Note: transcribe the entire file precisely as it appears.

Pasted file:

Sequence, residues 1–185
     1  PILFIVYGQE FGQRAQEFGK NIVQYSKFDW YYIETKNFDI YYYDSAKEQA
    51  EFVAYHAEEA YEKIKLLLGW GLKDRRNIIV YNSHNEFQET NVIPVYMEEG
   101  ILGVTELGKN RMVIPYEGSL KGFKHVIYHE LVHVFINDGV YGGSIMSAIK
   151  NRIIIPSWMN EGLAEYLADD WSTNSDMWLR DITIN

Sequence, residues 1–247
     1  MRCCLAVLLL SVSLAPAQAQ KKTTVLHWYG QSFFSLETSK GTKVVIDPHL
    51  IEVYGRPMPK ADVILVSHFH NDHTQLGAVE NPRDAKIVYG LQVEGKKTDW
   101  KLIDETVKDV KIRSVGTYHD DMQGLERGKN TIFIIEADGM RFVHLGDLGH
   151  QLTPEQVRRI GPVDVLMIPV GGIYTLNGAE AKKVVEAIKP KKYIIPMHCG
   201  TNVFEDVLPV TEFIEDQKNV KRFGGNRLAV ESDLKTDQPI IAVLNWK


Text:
Sequence, residues 1–185
     1  PILFIVYGQE FGQRAQEFGK NIVQYSKFDW YYIETKNFDI YYYDSAKEQA
    51  EFVAYHAEEA YEKIKLLLGW GLKDRRNIIV YNSHNEFQET NVIPVYMEEG
   101  ILGVTELGKN RMVIPYEGSL KGFKHVIYHE LVHVFINDGV YGGSIMSAIK
   151  NRIIIPSWMN EGLAEYLADD WSTNSDMWLR DITIN

Sequence, residues 1–247
     1  MRCCLAVLLL SVSLAPAQAQ KKTTVLHWYG QSFFSLETSK GTKVVIDPHL
    51  IEVYGRPMPK ADVILVSHFH NDHTQLGAVE NPRDAKIVYG LQVEGKKTDW
   101  KLIDETVKDV KIRSVGTYHD DMQGLERGKN TIFIIEADGM RFVHLGDLGH
   151  QLTPEQVRRI GPVDVLMIPV GGIYTLNGAE AKKVVEAIKP KKYIIPMHCG
   201  TNVFEDVLPV TEFIEDQKNV KRFGGNRLAV ESDLKTDQPI IAVLNWK